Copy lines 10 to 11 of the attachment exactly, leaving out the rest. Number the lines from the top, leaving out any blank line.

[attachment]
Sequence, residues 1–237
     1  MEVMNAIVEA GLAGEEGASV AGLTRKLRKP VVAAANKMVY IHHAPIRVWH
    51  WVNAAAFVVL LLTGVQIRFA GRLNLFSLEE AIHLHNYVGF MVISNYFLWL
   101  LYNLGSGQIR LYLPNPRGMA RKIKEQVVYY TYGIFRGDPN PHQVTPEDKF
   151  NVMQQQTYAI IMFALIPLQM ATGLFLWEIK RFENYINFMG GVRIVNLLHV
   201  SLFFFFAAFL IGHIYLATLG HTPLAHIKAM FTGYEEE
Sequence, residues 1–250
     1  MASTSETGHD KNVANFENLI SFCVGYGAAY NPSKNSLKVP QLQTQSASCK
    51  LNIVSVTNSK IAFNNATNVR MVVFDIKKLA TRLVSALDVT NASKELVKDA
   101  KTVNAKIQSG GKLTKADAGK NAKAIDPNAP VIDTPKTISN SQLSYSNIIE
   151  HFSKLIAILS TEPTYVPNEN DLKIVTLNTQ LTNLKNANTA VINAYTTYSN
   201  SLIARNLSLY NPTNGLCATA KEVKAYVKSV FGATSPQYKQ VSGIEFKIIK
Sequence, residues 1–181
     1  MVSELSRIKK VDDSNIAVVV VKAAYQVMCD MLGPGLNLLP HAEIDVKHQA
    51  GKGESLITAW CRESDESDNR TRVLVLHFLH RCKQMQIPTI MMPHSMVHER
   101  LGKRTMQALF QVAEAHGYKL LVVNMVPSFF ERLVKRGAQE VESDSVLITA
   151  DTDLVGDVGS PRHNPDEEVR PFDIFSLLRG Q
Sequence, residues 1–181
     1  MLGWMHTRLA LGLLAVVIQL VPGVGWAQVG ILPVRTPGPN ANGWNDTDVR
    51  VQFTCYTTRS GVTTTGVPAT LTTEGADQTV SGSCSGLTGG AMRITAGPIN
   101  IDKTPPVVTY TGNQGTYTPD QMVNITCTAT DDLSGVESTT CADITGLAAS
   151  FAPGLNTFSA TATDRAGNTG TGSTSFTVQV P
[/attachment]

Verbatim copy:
   101  KTVNAKIQSG GKLTKADAGK NAKAIDPNAP VIDTPKTISN SQLSYSNIIE
   151  HFSKLIAILS TEPTYVPNEN DLKIVTLNTQ LTNLKNANTA VINAYTTYSN